Philippines in major Islamic finance push
Manila, September 28, 2013
In what could be one of the most ambitious efforts to facilitate Islamic finance in a non-Muslim country, the Philippines' central bank is pushing several initiatives to develop the sector and encourage financial inclusion of the Muslim minority.
The effort follows a landmark peace deal signed in October last year which sought to end a 40-year conflict with Muslim separatists that has killed 120,000 people, displaced two million and stunted growth.
"There is renewed interest in this and the key drivers are the peace initiative in Mindanao as well as broad initiative of the BSP to create a more inclusive financial system," Bangko Sentral ng Pilipinas (BSP) deputy governor Nestor Espenilla said. "That is the arching principle."
Mindanao island, roughly the size of Portugal, accounts for around one-quarter of the country's 97m population and one-fifth of its economy. But decades of neglect, corruption and violence have impoverished parts of the island, despite being rich in natural resources which the government wants to develop.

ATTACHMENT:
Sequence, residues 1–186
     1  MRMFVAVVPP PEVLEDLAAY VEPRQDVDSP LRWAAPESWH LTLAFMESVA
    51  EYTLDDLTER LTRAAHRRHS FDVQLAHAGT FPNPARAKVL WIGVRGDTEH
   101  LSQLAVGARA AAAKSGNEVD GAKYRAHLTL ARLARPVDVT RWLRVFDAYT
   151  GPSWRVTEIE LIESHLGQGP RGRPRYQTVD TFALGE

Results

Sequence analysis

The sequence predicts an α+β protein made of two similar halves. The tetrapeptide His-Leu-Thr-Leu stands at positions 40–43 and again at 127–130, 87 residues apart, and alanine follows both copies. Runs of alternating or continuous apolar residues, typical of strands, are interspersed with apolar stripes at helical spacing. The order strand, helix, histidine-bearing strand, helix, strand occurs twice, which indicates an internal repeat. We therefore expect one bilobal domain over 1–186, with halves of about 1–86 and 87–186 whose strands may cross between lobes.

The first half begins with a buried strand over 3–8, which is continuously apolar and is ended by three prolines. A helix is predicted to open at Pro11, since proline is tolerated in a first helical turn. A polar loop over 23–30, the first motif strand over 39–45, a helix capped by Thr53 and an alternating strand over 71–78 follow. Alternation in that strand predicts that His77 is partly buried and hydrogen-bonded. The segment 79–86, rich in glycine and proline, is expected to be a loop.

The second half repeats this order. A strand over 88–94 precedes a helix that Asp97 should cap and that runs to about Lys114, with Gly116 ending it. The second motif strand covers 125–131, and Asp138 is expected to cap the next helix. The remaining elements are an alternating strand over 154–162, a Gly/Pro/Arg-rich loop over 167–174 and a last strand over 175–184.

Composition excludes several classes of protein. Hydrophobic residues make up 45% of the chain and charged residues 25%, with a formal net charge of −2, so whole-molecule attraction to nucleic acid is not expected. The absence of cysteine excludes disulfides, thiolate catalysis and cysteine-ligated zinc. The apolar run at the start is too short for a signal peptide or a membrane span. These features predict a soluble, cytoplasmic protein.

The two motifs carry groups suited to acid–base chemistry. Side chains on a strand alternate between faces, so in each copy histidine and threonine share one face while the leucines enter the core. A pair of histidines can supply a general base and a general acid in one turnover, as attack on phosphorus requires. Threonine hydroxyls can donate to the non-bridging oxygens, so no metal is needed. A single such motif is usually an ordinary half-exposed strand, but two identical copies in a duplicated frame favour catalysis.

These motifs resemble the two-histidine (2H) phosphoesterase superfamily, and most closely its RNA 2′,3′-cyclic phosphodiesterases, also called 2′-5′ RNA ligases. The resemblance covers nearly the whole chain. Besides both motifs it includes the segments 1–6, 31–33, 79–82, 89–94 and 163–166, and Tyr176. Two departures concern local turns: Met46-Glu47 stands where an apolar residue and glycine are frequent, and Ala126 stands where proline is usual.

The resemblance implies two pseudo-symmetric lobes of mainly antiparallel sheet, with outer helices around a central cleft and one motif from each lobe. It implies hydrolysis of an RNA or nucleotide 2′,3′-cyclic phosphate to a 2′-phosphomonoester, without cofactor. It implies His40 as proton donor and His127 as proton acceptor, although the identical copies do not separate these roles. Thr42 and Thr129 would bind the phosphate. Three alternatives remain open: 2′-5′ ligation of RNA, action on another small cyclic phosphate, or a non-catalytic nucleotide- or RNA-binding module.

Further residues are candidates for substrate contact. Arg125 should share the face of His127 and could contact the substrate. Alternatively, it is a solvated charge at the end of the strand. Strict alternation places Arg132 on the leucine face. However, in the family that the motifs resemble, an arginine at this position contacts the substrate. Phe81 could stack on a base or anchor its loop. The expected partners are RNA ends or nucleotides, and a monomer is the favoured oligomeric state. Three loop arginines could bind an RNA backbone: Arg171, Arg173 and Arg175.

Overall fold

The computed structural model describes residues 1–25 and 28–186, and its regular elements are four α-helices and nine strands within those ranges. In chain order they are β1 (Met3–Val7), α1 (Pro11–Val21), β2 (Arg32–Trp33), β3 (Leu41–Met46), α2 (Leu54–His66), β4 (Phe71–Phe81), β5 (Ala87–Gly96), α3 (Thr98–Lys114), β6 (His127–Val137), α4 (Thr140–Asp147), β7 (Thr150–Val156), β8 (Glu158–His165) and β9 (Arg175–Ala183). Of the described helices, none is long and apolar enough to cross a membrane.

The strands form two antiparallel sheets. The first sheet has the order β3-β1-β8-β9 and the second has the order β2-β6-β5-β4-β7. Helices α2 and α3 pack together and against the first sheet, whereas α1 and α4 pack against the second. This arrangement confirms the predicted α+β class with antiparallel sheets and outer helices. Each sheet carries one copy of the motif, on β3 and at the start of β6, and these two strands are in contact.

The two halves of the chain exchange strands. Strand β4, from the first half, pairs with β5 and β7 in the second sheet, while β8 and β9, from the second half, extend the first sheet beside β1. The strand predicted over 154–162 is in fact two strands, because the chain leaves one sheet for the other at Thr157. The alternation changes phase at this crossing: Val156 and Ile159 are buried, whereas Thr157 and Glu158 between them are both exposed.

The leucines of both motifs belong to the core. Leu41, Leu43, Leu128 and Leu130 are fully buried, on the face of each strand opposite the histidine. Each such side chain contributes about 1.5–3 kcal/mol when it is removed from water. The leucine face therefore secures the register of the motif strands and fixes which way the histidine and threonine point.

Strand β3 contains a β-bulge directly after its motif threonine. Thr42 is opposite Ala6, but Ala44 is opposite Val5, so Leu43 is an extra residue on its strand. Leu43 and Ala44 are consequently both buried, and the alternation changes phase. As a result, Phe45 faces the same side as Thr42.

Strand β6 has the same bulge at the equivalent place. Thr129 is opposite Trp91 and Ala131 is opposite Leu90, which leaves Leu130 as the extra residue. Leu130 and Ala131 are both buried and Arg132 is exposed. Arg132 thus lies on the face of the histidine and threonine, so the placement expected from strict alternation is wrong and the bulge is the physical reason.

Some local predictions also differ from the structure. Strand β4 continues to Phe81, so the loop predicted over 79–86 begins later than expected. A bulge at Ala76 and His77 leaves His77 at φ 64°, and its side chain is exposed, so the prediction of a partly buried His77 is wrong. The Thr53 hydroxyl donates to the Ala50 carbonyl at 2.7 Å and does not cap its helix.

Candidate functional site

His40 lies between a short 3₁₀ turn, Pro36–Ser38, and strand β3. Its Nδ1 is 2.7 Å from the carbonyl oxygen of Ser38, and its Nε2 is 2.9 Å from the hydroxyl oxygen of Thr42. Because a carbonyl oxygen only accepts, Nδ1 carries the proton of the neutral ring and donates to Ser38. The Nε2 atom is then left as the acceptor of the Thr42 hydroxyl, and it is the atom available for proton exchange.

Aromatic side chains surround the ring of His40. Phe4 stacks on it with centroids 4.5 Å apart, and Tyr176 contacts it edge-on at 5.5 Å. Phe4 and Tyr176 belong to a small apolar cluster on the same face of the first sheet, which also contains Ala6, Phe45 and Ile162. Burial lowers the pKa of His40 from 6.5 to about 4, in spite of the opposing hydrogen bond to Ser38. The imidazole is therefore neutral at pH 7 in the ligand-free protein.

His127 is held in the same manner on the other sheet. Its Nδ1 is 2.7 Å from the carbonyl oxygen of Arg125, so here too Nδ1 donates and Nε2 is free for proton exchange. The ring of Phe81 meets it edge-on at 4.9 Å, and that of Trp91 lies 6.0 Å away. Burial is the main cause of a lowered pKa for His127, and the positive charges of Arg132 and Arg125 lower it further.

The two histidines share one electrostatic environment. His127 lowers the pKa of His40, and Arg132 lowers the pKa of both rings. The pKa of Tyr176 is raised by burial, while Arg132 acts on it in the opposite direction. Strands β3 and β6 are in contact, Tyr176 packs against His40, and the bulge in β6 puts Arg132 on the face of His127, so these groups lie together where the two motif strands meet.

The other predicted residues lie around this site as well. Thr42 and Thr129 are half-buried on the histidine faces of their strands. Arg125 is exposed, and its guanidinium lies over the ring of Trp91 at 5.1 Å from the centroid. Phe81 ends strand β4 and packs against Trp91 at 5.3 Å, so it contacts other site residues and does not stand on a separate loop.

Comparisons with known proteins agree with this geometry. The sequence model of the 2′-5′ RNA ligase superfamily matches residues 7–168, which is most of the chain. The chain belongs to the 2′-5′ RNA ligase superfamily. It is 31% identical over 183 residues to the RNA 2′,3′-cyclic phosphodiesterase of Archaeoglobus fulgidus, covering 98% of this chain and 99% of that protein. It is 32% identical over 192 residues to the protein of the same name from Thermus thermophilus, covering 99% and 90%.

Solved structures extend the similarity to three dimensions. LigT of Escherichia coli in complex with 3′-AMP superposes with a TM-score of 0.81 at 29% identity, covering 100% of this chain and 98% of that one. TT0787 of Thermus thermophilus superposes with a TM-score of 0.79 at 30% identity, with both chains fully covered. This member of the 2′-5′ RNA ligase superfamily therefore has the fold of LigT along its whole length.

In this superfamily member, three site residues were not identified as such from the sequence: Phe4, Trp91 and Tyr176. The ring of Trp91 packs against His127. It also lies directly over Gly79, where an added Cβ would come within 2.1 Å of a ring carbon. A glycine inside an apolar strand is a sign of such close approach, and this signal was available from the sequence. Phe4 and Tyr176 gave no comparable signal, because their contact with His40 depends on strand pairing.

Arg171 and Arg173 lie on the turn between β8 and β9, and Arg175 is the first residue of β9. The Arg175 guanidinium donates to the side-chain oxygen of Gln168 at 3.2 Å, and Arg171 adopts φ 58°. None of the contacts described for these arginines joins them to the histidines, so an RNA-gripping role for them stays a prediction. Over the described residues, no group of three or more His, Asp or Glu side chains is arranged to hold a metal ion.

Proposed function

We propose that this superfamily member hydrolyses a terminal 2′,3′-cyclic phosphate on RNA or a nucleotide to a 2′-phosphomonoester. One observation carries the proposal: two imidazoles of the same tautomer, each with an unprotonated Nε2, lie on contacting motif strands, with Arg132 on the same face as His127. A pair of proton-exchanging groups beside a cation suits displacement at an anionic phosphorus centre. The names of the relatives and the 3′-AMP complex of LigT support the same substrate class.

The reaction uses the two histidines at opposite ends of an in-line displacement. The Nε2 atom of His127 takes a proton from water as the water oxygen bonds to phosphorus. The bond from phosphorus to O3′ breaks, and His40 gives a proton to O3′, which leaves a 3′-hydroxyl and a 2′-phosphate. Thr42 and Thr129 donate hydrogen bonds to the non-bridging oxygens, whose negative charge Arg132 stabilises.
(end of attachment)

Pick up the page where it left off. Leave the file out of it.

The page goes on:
"We have a significant Muslim population and they are economically active and if you want to create an inclusive financial system then you should also have financial products that are geared to that particular customer base."
Espenilla said the central bank has asked congress to have its charter amended, a move that would allow it to provide Sharia-compliant instruments to Islamic banks, in particular interbank lending products.
The BSP hopes an Islamic banking law can also help attract more market participants as there is only one Islamic bank, Al Amanah, which has struggled financially and is being privatised by the Development Bank of the Philippines (DBP).
"Even if DBP is successful in privatising it, it will just result in one Islamic bank in the country. If you want to fully enable an Islamic banking system, as opposed to one Islamic bank, we may have to come up with an Islamic banking law."-Reuters